Last week I was invited to attend and speak at the biannual conference for the French organisation Le Club des Villes et Territoires Cyclables [Villes Cyclables], or Club of Cyclable Cities and Territories. It took place this time round in my favourite French city, La Rochelle, on the Atlantic coast a couple of hours north of Bordeaux.
Over the past couple of years I've had the pleasure of meeting bicycle advocates from every continent. I've gone for bike rides with a couple of hundred of them [not at the same time] who were visiting Copenhagen and, more recently, I've met them while lecturing in a host of countries. No questioning the general passion and commitment among the bunch.
What is unique about the French conference and organisation is that the membership includes 197 local authorities covering a whopping 786 cities and towns - plus four large regions and 30 organisations.
It is a complete national affair. Their passion is no more or less than the other advocates I've met, but they are organised and that makes them stronger and more politically active.
Much talk is heard of Paris' fantastic and ongoing transformation, thanks to the Vélib bike share programme, and rightly so. What is lesser known is that countless other towns and cities whose names you can't pronounce are moving briskly along in reestablishing the bicycle as an accepted, respected and equal partner in the traffic equation.
It's a mind-boggling secret to suddenly become a party to. Think of the bike lift at the end of the brilliant Budapest critical mass and imagine that it is cities and towns doing the same. Meeting, discussing, brainstorming about how to increase the bicycle's modal share in the country. Fighting for safe, separated infrastructure across the nation and actually having numerous excellent examples in place already.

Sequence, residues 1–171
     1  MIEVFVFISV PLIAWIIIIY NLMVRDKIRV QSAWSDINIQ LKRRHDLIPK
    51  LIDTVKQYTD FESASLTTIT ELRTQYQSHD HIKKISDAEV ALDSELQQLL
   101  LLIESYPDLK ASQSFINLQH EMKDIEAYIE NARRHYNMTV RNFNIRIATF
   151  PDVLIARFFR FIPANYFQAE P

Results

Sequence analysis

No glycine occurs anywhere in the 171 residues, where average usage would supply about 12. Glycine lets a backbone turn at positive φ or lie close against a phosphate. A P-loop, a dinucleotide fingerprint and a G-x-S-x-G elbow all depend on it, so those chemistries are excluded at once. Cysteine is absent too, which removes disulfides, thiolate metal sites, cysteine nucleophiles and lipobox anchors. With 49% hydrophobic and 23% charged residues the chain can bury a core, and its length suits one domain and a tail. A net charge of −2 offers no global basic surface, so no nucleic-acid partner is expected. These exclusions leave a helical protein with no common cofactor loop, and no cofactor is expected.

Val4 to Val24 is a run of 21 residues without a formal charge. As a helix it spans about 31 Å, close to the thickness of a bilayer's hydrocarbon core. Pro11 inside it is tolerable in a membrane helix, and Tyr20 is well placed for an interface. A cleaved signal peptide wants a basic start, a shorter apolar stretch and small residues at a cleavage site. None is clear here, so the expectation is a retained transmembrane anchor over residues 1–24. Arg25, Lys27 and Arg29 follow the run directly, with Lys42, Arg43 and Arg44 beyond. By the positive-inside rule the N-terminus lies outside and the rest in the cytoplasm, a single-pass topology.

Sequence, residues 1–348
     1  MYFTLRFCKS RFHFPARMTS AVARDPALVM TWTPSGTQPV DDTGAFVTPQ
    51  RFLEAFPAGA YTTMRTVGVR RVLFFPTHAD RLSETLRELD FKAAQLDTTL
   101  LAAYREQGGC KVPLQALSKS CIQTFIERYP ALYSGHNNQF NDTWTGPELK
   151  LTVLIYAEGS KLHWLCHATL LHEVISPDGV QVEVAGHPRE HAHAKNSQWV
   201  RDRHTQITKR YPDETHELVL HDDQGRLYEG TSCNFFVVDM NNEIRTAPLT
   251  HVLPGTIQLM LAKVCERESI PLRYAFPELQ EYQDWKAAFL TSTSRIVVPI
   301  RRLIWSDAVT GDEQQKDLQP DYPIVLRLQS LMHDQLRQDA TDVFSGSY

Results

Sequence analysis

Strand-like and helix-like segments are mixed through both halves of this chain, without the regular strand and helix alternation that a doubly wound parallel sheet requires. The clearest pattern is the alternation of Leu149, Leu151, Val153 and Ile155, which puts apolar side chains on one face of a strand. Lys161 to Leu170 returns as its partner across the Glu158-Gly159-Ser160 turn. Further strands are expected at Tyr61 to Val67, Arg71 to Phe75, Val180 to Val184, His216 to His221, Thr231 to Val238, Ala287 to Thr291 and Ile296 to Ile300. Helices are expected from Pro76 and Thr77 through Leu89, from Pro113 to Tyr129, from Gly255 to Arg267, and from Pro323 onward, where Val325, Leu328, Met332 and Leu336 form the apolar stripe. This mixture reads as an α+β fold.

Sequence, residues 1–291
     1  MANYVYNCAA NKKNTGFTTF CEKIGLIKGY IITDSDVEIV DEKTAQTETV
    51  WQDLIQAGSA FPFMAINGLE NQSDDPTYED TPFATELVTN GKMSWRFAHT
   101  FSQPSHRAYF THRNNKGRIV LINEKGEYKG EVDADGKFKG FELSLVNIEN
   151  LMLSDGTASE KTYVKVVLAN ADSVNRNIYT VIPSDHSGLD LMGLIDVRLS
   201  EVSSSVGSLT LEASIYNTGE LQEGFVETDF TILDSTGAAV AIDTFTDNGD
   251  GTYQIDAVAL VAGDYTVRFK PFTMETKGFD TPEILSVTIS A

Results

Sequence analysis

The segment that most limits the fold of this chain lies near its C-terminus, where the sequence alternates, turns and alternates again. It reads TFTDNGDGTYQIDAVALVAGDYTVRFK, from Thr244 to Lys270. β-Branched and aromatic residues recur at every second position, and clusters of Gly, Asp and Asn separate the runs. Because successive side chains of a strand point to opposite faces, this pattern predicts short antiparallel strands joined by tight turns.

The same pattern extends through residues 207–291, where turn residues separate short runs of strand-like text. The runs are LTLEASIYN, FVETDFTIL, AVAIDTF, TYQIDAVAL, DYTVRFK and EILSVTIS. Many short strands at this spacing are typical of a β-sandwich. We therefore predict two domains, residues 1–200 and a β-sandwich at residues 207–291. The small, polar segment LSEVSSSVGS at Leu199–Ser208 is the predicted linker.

Actually, 23 million French citizens, or 40% of the population, regularly practice cycling, including 17 million who use the bicycle as transport. That's... um... 27% of the population, and while it's not daily, it's still awe-inspiring.
According to an article in the French business newspaper Les Echos, the bicycle "sector" at large represents a turnover of €4.5 billion [$6.67 billion] and 35,000 direct jobs. The French even buy 3.5 million bikes each year and 36% of them are home-grown products.
Villes Cyclables flexed their political muscle during the conferene, urging the national government to invest €500 million [$742 million] in the development of cycling as transport. The president of Villes Cyclables Jean-Marie Darmain called for €50 million [$74 million] over the next five years earmarked for surveying and signposting French cycle routes.
He also called for €450 million [$668 million] to be spent on three areas: bicycle parking near train stations to promote intermodality, bike share programmes and the construction of bicycle infrastructure, particularly across metropolitan areas.
Me, all I had to do was give a lecture about Marketing Bicycle Culture, although this time in French, and meet interesting people with whom I share common interests. Like the Mayor of San Sebastian/Donostia in the Basque Country. Like moi, he was also invited as a guest of honour.
I told him how much I LOVE his new bicycle tunnel. He was modest about his spectacular efforts to transform San Sebastian into a bicycle-friendly city. Far too modest. For he really is a visionary.
La Rochelle was the perfect city to host the event. As posted previously, the city was the first to launch a permanent bike share system back in 1975. The mayor at the time, Michel Crepeau, was inspired by Copenhagen's pedestrianised streets and did the same back then. He has always been one of my bicycle culture and urban planning heros.
I was last there about 3 years ago but the change since then in enormous. Separated infrastructure abounds and the number of cyclists has exploded. It was already a bicycle-friendly city but now it's extraordinary.
It was a great city in which to meet a national network of visionairies and I'm grateful I had the opportunity.
Link: Villes Cyclables